‘Texans have mastered safe practices:’ Abbott issues executive order prohibiting proof of vaccination, other limits

Local News

(Source: Salvador Castro, ValleyCentral.com)

HARLINGEN, Texas (KVEO) — Governor Greg Abbott issued an executive order on Thursday that provides “clarity and uniformity” regarding the state’s COVID-19 response.

The executive order ensures that vaccines are voluntary for all Texans, and state agencies, political subdivisions may not require anyone to show proof they received a COVID-19 vaccine. Any entity that received funds through any public money can’t require proof of vaccination.

“Vaccines, which remain in abundant supply, are the most effective defense against the virus, and they will always remain voluntary – never forced – in the State of Texas,” Abbott said in a statement.

Abbott’s order states that there are no COVID-19 restrictions for any business, and in areas where the transmission rate is high, people are “encouraged to follow safe practices they have already mastered.”

Nursing homes, state-supported living centers, and assisted living facilities should minimize staff move between facilities, follow infection protocols set by Texas Health and Human Services Commission (HHSC).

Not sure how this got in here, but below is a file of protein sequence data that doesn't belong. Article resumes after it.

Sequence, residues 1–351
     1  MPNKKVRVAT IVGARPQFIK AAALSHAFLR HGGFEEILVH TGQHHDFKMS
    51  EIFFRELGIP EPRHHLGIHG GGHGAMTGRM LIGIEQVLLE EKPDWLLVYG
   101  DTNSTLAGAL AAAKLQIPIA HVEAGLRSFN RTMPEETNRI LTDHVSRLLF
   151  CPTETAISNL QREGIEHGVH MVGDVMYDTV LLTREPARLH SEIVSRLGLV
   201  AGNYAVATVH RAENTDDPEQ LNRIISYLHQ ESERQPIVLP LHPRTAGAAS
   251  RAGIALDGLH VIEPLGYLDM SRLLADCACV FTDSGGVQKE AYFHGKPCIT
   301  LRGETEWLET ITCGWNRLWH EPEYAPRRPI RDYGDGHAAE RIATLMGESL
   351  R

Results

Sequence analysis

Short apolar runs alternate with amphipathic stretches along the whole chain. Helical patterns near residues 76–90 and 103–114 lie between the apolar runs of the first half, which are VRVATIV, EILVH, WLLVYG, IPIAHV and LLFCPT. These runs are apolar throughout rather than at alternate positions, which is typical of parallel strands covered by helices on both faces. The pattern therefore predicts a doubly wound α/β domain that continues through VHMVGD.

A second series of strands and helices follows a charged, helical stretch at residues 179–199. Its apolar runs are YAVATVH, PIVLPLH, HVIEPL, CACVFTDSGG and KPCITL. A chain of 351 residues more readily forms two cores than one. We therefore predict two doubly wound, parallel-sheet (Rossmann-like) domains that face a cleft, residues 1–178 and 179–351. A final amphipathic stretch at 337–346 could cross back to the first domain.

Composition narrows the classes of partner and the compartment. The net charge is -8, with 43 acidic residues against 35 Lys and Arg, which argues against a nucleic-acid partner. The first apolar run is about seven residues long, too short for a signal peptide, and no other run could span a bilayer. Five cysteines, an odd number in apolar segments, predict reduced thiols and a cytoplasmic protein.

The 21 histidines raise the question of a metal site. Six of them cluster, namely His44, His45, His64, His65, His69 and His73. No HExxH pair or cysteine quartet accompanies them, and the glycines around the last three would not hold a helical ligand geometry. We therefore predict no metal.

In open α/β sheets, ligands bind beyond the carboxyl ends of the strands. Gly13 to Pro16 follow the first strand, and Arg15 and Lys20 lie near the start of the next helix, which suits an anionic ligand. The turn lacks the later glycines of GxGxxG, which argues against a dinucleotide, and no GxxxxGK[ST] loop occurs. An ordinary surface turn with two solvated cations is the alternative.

Failure to comply with the state emergency management plan can be punishable by a fine of up to $1,000.

Public schools should operate under minimum standard protocols issued by the Texas Education Agency, and private schools are encouraged to do the same.

Texans have mastered the safe practices that help to prevent and avoid the spread of COVID-19. They have the individual right and responsibility to decide for themselves and their children whether they will wear masks, open their businesses, and engage in leisure activities.

Abbott said in a statement.

When it comes to mask-wearing, the order stated that no county, city, school district, or public health authority may require people to wear a face covering. However, state-supported living centers, government-owned hospitals, and government-operated hospitals may continue to use mask-wearing policies.

For county and municipal jails, they should stay consistent with the Texas Commission on Jail standards guidance and continue mask-wearing policies.

Abbott suspended “all relevant laws to the extent necessary to ensure that local officials do not confine people in jail for violating an executive order or local order issued in response to the COVID-19 disaster.”

To read the full executive order, click here.

Copyright 2021 Nexstar Media Inc. All rights reserved. This material may not be published, broadcast, rewritten, or redistributed.

Community Stories